Murillo used case study methodology, relying on observations and interviews with 14 undocumented students and 13 educators, to understand how an urban high school in California assists undocumented students though the college application process. Murillo found that one-on-one counseling was most prevalent in the high school. It was through this counseling that teachers sought to, first and foremost, tell undocumented students that college was a possibility. Murillo’s participants felt this was the most important step in the college-going process as students gained knowledge about college costs, for example. However, Murillo details that many teachers were worried that once students actually began applying for college, they would provide students with inaccurate information. This is important to note in today’s continually shifting federal and state policy environment (e.g., President Trump’s recent repeal of President Obama’s Executive Order of Differed Action for Childhood Arrivals, a.k.a. DACA).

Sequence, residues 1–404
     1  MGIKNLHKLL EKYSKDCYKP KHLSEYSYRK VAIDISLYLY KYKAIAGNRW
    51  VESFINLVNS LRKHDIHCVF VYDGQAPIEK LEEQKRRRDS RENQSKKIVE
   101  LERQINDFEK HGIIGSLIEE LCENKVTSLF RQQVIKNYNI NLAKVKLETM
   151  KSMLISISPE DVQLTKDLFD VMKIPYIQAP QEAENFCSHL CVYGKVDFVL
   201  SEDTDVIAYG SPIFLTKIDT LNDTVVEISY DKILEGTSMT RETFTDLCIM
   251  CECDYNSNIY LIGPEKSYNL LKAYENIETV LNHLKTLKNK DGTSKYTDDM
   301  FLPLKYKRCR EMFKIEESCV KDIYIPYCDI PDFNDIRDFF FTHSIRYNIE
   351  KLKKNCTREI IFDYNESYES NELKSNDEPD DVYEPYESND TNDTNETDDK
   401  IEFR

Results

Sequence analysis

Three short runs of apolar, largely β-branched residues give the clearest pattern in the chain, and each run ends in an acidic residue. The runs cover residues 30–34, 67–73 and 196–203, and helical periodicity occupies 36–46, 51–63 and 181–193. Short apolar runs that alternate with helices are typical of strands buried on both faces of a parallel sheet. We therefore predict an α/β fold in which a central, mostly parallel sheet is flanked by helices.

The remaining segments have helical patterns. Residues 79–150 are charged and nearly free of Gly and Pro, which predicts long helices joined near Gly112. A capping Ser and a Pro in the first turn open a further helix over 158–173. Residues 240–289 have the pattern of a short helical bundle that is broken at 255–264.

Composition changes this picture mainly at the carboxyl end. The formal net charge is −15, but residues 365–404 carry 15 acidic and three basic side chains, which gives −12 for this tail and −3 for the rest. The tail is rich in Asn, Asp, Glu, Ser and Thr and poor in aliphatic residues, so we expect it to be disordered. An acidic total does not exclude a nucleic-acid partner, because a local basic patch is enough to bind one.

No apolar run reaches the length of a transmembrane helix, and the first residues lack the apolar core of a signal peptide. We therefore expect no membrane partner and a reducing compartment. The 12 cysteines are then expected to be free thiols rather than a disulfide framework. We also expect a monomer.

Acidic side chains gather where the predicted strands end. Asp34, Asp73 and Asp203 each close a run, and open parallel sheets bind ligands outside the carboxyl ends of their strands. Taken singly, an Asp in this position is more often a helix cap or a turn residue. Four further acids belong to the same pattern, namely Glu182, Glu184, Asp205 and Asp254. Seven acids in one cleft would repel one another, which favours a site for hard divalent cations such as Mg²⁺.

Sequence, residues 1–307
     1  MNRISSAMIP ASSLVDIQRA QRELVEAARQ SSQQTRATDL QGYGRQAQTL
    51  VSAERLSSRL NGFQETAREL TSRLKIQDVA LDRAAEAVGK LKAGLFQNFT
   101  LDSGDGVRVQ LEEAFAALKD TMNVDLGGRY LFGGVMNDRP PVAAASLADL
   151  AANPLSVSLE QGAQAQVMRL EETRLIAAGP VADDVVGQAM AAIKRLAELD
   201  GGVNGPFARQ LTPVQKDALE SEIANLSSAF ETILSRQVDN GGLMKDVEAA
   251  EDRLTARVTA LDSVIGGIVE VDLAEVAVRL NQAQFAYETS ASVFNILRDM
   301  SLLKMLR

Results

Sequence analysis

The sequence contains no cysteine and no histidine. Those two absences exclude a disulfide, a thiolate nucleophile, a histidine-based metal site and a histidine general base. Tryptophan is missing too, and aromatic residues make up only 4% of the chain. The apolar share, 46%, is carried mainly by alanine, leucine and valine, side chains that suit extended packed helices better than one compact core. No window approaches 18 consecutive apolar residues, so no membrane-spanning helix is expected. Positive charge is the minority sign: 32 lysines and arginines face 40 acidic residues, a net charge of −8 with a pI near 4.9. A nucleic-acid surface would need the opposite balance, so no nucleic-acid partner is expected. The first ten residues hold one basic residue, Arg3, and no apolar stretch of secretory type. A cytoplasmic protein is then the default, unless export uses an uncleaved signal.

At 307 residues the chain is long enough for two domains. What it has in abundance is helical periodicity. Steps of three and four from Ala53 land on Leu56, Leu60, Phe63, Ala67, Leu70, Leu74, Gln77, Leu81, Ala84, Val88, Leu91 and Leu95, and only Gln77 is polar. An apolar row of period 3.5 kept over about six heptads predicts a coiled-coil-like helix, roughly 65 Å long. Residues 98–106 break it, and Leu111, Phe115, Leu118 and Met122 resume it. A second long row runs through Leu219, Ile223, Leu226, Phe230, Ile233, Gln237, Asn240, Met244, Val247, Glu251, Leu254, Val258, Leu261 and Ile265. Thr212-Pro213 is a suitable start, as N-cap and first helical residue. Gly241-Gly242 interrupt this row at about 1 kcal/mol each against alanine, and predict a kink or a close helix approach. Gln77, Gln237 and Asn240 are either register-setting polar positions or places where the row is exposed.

In addition to the potential of supplying students with inaccurate information, Murillo found that students experienced difficulty in navigating the process of filling out forms related to college applications and financial aid. However, it was through these challenging situations where Murillo found that students who successfully completed applications helped their undocumented peers with their forms. Additionally, teachers also helped students complete their DACA applications, which provided students with a social security number and temporary relief from deportation for two years. Lastly, Murillo underscored that although students in California were eligible for state financial aid, such as the California Dream Act, the grants and scholarships students received did not fully cover tuition, room, and board, nor other expenses related to attendance. Consequently, although students received support from their teachers and peers, cost of attendance served as the most severe roadblock to college attendance.